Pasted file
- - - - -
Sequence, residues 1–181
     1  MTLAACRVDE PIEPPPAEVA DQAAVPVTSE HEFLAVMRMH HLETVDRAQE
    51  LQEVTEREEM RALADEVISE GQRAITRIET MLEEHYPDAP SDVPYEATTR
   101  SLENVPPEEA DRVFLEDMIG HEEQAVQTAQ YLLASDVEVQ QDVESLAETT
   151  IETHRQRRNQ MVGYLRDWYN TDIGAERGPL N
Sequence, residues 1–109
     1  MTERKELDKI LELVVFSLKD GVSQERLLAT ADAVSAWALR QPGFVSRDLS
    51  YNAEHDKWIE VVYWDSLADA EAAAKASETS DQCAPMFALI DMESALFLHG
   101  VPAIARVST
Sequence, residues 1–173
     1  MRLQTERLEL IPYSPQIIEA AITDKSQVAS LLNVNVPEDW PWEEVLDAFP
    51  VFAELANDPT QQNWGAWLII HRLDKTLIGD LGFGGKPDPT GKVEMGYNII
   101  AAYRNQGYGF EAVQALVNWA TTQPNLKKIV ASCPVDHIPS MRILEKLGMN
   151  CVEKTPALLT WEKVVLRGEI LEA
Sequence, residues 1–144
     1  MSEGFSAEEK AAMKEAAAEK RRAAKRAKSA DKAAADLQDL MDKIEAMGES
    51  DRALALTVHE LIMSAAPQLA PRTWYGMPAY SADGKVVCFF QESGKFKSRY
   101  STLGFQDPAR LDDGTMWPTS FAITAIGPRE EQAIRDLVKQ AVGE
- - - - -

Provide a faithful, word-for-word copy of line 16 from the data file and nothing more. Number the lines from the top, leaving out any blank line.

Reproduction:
     1  MSEGFSAEEK AAMKEAAAEK RRAAKRAKSA DKAAADLQDL MDKIEAMGES